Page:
Variation in intraspecific demography drives localised concordance but species-wide discordance in response to past climatic change

Sean James Buckley, Chris J. Brauer, Peter J. Unmack, Michael P. Hammer, Luciano B. Beheregaray

Research output: Contribution to journalArticlepeer-review

2 Citations (Scopus)
11 Downloads (Pure)


Background: Understanding how species biology may facilitate resilience to climate change remains a critical factor in detecting and protecting species at risk of extinction. Many studies have focused on the role of particular ecological traits in driving species responses, but less so on demographic history and levels of standing genetic variation. Additionally, spatial variation in the interaction of demographic and adaptive factors may further complicate prediction of species responses to environmental change. We used environmental and genomic datasets to reconstruct the phylogeographic histories of two ecologically similar and largely co-distributed freshwater fishes, the southern (Nannoperca australis) and Yarra (N. obscura) pygmy perches, to assess the degree of concordance in their responses to Plio-Pleistocene climatic changes. We described contemporary genetic diversity, phylogenetic histories, demographic histories, and historical species distributions across both species, and statistically evaluated the degree of concordance in co-occurring populations. Results: Marked differences in contemporary genetic diversity, historical distribution changes and historical migration were observed across the species, with a distinct lack of genetic diversity and historical range expansion suggested for N. obscura. Although several co-occurring populations within a shared climatic refugium demonstrated concordant demographic histories, idiosyncratic population size changes were found at the range edges of the more spatially restricted species. Discordant responses between species were associated with low standing genetic variation in peripheral populations. This might have hindered adaptive potential, as documented in recent demographic declines and population extinctions for the two species. Conclusion: Our results highlight both the role of spatial scale in the degree of concordance in species responses to climate change, and the importance of standing genetic variation in facilitating range shifts. Even when ecological traits are similar between species, long-term genetic diversity and historical population demography may lead to discordant responses to ongoing and future climate change.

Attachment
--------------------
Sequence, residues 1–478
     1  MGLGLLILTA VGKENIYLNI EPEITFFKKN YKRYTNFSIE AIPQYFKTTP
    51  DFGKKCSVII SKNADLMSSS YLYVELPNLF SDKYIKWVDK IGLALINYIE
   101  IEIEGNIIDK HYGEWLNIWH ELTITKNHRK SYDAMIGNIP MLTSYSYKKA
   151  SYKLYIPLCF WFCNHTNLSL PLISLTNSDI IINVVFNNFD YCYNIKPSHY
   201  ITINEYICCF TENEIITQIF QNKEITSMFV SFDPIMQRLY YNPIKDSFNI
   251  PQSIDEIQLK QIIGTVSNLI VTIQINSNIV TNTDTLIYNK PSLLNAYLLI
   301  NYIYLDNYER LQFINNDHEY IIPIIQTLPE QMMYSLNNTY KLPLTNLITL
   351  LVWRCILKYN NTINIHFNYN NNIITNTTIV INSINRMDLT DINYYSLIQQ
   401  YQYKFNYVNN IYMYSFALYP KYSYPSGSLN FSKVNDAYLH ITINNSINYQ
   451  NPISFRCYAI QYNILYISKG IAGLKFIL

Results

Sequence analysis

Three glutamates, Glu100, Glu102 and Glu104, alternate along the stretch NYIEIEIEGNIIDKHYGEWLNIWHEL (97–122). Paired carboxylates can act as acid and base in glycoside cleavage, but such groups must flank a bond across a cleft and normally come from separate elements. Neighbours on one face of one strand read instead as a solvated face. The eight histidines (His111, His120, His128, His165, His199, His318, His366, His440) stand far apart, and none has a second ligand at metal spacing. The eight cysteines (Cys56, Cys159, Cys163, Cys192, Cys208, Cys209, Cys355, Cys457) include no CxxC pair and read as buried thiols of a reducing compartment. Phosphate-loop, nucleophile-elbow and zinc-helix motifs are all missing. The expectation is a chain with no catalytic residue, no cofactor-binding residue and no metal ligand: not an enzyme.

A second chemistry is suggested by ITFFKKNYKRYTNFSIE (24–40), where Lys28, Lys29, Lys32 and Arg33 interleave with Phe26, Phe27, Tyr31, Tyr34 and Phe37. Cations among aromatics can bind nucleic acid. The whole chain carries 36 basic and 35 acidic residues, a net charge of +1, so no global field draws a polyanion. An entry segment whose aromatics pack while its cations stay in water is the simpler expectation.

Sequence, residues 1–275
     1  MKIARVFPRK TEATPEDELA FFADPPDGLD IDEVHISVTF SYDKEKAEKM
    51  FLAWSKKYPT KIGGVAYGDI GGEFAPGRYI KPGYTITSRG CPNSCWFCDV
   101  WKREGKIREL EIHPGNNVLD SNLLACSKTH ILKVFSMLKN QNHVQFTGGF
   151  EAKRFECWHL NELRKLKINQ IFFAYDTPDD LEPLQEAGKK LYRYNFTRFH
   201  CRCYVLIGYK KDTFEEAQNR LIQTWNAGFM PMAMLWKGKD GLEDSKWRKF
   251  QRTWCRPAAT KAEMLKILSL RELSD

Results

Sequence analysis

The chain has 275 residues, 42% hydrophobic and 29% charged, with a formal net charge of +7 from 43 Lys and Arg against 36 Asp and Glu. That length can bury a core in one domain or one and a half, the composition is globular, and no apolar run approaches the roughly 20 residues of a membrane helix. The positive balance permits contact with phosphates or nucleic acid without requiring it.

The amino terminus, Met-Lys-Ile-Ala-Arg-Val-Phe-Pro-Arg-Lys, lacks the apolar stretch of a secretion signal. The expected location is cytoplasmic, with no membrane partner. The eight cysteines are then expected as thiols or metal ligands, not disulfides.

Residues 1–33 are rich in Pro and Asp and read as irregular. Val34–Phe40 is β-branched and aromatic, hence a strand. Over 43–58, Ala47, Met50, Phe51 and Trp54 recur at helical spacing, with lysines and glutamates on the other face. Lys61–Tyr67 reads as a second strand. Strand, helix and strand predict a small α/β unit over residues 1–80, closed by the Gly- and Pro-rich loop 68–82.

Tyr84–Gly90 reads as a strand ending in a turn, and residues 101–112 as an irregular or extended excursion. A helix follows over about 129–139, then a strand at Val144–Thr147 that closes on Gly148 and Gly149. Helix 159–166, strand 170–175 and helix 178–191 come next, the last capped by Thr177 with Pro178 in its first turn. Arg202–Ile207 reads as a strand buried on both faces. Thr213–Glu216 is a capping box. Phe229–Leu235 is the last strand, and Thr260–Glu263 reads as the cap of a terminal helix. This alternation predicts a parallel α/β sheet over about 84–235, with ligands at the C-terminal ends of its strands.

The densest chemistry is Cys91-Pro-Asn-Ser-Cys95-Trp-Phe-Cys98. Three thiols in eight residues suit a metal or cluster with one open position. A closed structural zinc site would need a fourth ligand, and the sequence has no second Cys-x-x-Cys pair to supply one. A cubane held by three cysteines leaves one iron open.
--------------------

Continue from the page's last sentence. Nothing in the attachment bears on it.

Original languageEnglish
Article number35
Pages (from-to)1-14
Number of pages14
JournalBMC Ecology and Evolution
Issue number1
Publication statusPublished - Dec 2022


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